Today's poem is "Garment Industry"
from The Arranged Marriage

University of New Mexico Press

Jehanne Dubrow is the author of four previous poetry collections, including Stateside and Red Army Red. She is the director of the Rose O’Neill Literary House and is an associate professor of English at Washington College.

Other poems by Jehanne Dubrow in Verse Daily:
April 16, 2015:   "Casualty Notificaton" "Switch channels, stop..."
January 23, 2013:   "Malamute" "Someone brought winter to the tropics. At first..."
December 6, 2012:   "Puberty, as the Character of Gordon Gekko" "Greed was good, and I..."
July 15, 2010:   "Recess" "The children are playing at murder again...."
November 29, 2009:   "[my mind grew quiet]" "My mind grew quiet..."

Books by Jehanne Dubrow:

Other poems on the web by Jehanne Dubrow:
"The Long Deployment"
"The Valhalla Machine"
"Dinner with Kathleen Battle"
Four poems
"Nowa Huta"
Three poems
"Vinegar Aphrodisiac"
"A Small History of Shopping"
Two poems
"Fragment From a Nonexistent Yiddish Poet"
"Fragment From A Nonexistent Yiddish Poet #34"
"Shulamith Reads The White Hotel"
Two poems
"Fragment From A Nonexistent Yiddish Poet Ida Lewin (1906-1938)"
Three poems
Two poems
"Lot?s Wife in Eastern Europe"
Three poems
"Fragments from a Nonexistent Yiddish Poet"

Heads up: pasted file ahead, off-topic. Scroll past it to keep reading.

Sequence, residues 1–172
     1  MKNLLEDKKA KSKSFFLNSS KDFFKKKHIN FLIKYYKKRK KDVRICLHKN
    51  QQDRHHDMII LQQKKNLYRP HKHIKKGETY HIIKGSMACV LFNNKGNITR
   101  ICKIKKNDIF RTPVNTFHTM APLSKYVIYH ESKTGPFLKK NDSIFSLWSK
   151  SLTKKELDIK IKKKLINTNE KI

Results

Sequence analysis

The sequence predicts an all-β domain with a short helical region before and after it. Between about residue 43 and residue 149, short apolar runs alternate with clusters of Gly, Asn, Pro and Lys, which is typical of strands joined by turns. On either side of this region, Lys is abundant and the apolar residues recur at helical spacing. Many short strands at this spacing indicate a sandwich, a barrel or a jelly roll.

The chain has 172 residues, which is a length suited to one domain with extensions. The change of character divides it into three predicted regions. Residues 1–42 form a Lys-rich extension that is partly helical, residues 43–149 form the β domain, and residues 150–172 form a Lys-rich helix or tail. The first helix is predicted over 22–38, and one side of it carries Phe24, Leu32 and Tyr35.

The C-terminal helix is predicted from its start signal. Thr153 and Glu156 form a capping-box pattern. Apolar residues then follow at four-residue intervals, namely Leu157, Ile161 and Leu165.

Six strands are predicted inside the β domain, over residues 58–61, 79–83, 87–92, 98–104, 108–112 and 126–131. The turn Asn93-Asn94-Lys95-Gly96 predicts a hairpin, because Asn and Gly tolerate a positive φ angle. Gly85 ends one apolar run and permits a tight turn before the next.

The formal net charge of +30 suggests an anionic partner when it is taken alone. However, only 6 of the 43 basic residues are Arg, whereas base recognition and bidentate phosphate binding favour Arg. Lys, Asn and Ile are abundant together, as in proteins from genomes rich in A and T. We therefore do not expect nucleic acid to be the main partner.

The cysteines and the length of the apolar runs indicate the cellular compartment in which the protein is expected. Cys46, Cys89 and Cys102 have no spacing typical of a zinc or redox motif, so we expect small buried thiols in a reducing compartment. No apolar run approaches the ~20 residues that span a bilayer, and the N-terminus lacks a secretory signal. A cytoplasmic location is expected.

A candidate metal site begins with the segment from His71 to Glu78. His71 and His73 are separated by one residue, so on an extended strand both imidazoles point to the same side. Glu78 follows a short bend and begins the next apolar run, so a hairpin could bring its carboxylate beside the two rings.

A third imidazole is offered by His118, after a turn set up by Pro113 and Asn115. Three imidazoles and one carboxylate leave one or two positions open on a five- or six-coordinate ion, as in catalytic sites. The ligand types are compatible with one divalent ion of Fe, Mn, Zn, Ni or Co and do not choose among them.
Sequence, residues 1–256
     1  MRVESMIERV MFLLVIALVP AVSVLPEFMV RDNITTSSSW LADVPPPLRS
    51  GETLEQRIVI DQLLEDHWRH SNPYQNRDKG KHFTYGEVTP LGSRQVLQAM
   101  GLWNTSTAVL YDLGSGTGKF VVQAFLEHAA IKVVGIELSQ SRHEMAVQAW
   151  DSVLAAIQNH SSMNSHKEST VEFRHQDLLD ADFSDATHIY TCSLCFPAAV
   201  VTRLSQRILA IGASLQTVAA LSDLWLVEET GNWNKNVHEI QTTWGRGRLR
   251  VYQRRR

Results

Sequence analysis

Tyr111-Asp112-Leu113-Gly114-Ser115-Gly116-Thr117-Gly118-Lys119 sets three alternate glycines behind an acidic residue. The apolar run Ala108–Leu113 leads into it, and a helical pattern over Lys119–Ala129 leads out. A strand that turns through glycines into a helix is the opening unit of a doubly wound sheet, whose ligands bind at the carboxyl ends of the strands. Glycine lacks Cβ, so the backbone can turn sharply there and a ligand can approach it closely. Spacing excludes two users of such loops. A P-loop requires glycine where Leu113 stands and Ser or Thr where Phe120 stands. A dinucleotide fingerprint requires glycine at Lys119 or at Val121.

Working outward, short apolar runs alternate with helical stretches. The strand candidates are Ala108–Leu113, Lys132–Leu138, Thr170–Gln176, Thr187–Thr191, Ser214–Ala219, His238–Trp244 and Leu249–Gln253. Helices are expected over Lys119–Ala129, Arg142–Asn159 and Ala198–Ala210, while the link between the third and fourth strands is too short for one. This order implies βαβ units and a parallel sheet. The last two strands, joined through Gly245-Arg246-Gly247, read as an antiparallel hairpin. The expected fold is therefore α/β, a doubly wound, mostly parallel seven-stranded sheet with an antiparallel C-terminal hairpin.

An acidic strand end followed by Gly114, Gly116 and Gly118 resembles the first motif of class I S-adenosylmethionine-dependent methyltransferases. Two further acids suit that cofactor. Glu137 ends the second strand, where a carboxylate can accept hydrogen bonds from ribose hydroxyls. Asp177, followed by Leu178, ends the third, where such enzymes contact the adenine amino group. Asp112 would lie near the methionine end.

"Fragments from a Nonexistent Yiddish Poet"
"Wild Mushrooms"
"The Amber Brooch"

Jehanne Dubrow's Website.

Jehanne Dubrow on Twitter.

About The Arranged Marriage:

"The Arranged Marriage brims with gorgeous wants: some of them dark and some 'the pink of bouganvillea.' In her newest collection Jehanne Dubrow writes of the dark bonds that tie women—'so easily torn, devoted to ornament'—to the complicated institution that is marriage in lyric portraits that uncover, unstitch, and unearth the secret entanglements at the heart of these intricate unions."
—Carmen Giménez Smith

"Here is a sequence of nuanced narratives, each anxiously circling arrangements of marriage, violence, and the shadows of history. Jehanne Dubrow has a storyteller's gift for suggesting, with enviable economy of language, the complexities of our relationships with those we love and the inescapable past that surrounds us. Elegant, intimate, and unsettling, The Arranged Marriage is a terrific—an important—book."
—Kevin Prufer

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